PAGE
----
But just so God alone can hear.
(She received a ten-year sentence for these verses.)
Notes from the Education briefing for legislators
Posted by Becki Gray at 12:36 AM
NC is 6th in US for proportion of state funding that is dedicated to public schools. 90 percent goes to personnel. 100 to 150 million dollars additional funding is needed each year to pay for increased enrollment with no changes in programs. The two main factors driving cost are number of kids and teacher pay.
Issues to look for this session:
Competitive pay, differentiated pay, and working conditions for teachers. Efforts to improve the graduation rate by changing instruction delivery and high school reforms at the point they typically drop out.
Community college's funding is based on the prior year's enrollment numbers, unlike universities and public schools that project enrollment on based on current estimates. 2001 and 2003 had big increases in enrollment, due to unemployed workers using them to re-train. This trend repeats itself every ten years. This would indicate to me that community colleges are meeting their mission. Community college in-state tuition covers 25 percent of the cost. The state picks up the rest.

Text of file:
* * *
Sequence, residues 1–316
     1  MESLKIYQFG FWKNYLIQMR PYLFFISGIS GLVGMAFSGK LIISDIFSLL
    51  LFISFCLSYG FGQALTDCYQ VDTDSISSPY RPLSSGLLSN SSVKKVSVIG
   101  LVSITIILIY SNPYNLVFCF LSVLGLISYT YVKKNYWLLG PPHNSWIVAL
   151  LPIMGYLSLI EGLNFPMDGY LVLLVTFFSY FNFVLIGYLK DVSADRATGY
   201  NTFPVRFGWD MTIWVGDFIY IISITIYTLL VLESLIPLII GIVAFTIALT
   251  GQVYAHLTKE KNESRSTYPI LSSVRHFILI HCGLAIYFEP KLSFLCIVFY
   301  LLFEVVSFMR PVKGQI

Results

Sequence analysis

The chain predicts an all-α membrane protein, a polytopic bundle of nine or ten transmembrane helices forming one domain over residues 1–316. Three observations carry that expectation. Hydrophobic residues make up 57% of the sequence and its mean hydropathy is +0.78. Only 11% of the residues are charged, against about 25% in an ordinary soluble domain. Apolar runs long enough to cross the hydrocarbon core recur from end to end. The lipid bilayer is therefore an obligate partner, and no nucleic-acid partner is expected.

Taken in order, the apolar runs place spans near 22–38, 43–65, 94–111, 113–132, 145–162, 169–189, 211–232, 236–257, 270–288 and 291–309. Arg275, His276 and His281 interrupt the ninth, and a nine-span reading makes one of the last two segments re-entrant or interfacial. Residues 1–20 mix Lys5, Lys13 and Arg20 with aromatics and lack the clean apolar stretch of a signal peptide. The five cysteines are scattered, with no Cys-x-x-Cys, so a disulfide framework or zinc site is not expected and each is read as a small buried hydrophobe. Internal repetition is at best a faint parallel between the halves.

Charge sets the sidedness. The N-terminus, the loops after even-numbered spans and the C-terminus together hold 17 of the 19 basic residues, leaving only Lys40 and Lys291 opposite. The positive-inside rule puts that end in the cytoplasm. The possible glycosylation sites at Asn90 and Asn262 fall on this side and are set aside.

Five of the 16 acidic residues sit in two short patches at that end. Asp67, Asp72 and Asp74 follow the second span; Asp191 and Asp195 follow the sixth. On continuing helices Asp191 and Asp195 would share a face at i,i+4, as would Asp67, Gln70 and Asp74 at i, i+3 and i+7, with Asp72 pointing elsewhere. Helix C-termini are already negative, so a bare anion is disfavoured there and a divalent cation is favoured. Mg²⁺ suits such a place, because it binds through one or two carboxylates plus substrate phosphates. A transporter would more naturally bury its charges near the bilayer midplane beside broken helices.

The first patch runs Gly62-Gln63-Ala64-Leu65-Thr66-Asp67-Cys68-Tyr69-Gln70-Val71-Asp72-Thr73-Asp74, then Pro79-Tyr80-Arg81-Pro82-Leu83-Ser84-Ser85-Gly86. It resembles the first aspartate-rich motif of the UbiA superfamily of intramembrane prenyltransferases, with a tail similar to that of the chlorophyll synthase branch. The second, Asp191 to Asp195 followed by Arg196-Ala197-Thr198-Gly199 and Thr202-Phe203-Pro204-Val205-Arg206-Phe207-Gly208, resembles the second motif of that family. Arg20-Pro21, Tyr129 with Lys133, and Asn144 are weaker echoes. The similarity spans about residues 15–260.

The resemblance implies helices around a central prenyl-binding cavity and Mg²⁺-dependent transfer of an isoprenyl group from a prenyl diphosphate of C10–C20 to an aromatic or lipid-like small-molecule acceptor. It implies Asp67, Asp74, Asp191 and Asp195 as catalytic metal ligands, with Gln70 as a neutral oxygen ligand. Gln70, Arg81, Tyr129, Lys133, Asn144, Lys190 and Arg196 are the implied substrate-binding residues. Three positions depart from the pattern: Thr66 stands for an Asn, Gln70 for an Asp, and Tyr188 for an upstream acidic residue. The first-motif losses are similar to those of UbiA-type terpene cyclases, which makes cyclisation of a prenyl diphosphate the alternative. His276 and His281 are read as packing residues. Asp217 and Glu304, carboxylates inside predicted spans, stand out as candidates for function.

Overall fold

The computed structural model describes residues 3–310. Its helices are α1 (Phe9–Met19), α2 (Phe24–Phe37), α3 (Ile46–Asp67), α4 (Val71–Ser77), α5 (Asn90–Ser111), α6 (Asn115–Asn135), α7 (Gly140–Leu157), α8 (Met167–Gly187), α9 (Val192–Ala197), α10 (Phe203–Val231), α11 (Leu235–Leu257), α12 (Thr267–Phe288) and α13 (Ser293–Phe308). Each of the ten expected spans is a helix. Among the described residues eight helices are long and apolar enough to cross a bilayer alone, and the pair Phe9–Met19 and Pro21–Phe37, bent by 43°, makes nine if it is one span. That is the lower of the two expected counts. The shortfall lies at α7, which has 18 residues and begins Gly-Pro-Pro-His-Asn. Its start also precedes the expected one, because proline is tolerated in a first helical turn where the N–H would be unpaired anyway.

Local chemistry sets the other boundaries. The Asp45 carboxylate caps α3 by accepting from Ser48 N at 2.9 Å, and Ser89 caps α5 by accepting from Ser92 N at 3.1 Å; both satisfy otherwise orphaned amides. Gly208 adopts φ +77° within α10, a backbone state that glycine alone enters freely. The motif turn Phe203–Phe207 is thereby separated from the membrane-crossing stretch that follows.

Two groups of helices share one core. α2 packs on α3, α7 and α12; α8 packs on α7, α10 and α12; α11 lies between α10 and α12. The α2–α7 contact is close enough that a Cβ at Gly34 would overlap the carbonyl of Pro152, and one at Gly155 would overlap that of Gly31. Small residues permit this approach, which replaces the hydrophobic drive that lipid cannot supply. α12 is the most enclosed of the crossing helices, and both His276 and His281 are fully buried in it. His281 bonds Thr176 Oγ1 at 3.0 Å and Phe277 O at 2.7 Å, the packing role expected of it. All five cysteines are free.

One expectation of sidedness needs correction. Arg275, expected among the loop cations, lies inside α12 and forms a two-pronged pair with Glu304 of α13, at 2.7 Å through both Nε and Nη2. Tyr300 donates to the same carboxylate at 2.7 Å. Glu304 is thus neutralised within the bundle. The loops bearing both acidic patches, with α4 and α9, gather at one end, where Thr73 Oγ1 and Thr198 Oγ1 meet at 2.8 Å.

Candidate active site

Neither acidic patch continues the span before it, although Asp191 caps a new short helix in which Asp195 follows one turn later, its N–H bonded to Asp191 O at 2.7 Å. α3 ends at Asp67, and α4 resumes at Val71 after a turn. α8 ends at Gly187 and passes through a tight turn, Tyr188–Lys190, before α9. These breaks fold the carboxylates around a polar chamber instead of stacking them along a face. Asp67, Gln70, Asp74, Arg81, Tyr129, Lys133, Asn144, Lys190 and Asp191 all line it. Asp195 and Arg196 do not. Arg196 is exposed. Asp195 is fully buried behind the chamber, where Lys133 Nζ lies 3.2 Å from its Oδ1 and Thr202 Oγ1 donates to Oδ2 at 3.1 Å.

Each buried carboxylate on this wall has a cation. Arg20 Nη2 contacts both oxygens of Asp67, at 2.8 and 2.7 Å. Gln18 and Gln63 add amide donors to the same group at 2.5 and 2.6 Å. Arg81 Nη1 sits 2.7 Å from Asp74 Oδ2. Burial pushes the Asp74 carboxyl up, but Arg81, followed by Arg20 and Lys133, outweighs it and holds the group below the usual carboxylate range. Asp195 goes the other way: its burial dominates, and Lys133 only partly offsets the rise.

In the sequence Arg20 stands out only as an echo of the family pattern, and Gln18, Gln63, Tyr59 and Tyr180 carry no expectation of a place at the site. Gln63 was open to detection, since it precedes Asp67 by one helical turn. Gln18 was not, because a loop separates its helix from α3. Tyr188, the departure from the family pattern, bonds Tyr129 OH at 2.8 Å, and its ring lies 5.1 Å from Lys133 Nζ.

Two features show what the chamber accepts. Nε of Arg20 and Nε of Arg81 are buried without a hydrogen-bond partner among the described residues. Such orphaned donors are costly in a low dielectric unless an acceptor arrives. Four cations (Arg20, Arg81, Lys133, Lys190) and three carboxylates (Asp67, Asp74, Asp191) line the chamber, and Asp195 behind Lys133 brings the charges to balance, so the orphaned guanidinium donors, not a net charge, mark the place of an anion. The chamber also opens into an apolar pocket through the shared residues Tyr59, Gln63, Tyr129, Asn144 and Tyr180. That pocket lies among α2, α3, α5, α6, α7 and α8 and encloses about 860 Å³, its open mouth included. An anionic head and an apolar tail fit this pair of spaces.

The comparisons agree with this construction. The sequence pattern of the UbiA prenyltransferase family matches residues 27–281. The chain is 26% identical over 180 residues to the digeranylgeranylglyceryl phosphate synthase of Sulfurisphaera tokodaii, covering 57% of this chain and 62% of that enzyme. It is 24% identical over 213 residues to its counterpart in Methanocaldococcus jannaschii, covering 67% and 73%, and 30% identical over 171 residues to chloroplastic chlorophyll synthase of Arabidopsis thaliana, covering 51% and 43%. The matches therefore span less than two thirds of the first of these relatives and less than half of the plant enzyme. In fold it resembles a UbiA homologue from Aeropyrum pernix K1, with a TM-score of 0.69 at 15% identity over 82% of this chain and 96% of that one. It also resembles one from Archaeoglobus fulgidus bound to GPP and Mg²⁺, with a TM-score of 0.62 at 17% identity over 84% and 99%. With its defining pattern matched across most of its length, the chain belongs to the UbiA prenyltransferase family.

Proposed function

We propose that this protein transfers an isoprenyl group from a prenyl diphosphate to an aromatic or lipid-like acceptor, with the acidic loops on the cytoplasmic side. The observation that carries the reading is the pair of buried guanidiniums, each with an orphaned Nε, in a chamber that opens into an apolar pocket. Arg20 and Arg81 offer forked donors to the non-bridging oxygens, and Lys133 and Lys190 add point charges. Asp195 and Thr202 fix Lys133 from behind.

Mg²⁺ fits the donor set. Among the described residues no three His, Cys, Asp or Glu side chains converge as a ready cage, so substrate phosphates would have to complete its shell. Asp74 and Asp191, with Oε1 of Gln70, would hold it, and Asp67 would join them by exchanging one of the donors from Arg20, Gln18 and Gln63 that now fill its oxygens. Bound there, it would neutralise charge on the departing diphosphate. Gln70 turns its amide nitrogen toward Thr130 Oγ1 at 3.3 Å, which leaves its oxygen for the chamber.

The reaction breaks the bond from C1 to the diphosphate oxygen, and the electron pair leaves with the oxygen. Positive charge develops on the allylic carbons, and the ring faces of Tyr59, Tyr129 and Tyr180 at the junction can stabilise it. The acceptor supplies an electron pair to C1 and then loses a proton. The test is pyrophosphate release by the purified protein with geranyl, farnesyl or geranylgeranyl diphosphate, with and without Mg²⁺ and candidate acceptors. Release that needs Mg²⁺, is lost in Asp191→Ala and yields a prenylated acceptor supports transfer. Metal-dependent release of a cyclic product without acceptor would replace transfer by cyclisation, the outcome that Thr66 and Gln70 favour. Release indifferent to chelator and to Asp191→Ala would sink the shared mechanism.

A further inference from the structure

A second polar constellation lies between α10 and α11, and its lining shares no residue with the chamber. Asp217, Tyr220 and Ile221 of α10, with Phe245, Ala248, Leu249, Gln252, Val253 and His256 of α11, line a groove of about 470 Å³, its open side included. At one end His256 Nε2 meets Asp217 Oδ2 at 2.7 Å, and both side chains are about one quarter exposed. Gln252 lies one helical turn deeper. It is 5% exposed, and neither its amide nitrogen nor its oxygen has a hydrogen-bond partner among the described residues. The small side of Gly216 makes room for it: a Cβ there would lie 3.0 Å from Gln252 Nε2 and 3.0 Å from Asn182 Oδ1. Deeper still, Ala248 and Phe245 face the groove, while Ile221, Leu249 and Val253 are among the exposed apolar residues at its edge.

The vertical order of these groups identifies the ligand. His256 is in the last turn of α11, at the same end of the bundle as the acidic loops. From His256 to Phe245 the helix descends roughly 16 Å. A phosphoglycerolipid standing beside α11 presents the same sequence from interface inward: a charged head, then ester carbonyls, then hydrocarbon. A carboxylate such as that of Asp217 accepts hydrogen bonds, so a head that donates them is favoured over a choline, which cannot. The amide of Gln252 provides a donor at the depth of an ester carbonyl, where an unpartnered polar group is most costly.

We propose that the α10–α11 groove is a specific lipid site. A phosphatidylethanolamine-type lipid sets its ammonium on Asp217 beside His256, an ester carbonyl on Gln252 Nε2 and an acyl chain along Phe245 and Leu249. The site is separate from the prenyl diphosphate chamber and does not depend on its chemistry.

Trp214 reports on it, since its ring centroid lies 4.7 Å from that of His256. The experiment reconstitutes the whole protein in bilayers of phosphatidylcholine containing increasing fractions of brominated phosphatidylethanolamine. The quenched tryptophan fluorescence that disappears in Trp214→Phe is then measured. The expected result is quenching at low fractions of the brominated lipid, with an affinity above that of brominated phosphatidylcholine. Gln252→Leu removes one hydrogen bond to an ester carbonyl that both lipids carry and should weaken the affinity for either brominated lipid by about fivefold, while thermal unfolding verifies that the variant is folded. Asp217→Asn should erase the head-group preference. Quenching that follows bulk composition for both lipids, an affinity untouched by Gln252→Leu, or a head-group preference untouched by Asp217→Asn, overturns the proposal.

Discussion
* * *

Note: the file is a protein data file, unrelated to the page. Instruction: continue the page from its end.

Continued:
6.4 billion dollar budget – general fund is 2.45 billion, 36 percent is in-state funds. High school graduates will increase, so demand will be heavier for universities. That assumes, of course, that most high-school graduates need to go to an NC university. 59.1 percent graduate in 6 years. Despite chuckles, efforts to get kids to graduate in 4 years have been proposed in the past. We may see it again. 18 percent is covered by in-state tuition, with the state picking up the remainder. We have the 12th lowest tuition in the US. Cap of 6.5 percent in in-state tuition has been proposed, no cap on out-of-state tuition.
Washington Post is for Vouchers?
Posted by Dr. Michael Sanera at 12:33 AM
I cannot believe it. Is the Washington Post actually recommending $25,000 vouchers for each DC student? Let's take them up on the deal.